Incorporating an outlook that is based in Rights of Nature, Nnimmo said, is a viable way forward. The Rights of Nature outline the intrinsic rights of all living things to maintain and replicate their natural cycles. It recognizes all of the natural world as subjects of rights — rivers, trees, mountains, oceans, and all flora and fauna. The whole notion of the Rights of Nature requests that we re-story human relations to the world, so that they are based in respect, and actually points us in the direction of where we need to go.

According to Nnimmo, “the planet can do without humans, but we humans can not do without the planet, regardless of who builds a rocket to go to space”. The Rights of Nature helps us to understand that we as humans form a part of Nature. Bassey provided us with numbers to consider: humans constitute 1.01% of the biomass of living creatures on planet Earth.

Reflecting on humans as constituting such a small part of the biomass of living beings on the Earth but having such a tremendous negative impact, what can we do differently and how? Taking into account what Nnimmo has shared with the Youth Visionary Collective, and now with you, we believe that it is important to be humble, call ourselves to order, and work towards protecting Mother Earth. We, the YVC, are ready to enlist on this mission.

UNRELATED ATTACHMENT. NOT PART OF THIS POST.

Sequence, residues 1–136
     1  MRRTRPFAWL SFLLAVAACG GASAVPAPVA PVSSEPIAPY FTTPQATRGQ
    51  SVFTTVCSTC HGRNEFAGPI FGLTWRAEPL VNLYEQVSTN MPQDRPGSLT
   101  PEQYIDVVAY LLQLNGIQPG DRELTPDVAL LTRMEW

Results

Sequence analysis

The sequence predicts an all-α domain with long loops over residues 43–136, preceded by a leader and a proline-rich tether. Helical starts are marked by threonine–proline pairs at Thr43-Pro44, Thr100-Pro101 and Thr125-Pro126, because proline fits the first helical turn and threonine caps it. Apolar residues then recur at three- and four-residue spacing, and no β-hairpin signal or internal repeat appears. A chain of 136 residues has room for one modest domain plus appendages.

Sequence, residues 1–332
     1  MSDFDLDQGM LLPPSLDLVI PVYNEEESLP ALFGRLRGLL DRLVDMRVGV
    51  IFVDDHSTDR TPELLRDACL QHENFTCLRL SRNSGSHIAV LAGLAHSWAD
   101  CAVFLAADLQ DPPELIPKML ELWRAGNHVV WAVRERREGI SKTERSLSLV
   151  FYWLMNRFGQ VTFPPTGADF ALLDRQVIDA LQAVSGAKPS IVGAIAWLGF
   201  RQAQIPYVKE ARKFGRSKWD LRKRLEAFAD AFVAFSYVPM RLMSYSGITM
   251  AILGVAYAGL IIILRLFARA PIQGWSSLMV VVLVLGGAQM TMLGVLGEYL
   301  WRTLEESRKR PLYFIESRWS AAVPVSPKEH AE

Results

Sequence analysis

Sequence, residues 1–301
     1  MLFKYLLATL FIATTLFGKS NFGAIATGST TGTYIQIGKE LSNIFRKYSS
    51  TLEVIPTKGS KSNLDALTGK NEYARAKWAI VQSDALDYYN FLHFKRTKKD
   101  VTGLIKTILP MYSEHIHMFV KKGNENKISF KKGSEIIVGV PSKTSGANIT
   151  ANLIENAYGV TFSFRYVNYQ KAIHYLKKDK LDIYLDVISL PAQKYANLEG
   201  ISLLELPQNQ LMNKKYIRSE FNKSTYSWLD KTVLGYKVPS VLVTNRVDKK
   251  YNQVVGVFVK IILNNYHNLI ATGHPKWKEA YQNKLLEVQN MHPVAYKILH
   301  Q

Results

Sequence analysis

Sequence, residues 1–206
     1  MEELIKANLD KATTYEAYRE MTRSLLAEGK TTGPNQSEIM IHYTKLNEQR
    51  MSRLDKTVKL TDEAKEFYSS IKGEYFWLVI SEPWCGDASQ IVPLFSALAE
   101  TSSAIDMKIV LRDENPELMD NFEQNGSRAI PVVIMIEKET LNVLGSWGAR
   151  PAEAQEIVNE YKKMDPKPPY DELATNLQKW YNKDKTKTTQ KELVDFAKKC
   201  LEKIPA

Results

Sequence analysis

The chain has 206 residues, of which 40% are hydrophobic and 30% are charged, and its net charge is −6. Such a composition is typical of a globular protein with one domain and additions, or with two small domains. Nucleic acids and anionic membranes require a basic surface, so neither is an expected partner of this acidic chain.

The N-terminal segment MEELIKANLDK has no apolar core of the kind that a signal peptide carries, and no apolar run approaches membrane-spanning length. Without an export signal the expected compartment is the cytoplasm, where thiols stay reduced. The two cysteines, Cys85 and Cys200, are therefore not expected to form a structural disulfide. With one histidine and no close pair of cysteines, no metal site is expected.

Bassey advised us that colonialism has not ended, and that the most dangerous thing about colonialism is not the foreign flag in your territory, but instead the ideas in your mind. This is something that we can all do, no matter what the color of our skin or our creed. We are all one and should not be carried away by extractive thinking that has been imposed on the Earth and in our minds, destroying our interconnections with one another and all species.

A final note was hope. Nnimmo urged R&R’s youth interns, and all people, to live in hope — not in fear.

For, no matter what happens to those struggling for climate justice in the present, the message will live on. Nnimmo Bassey encourages us that we too can follow in his footsteps: keep on with the struggle to make Mother Earth safe for ourselves and those around us by living in respect and defining “the good life” as such.

There is not an alternate Earth. It is the only habitable planet for humans. Thus, we should care for the Earth with true sustainability both in our mind and in our hearts.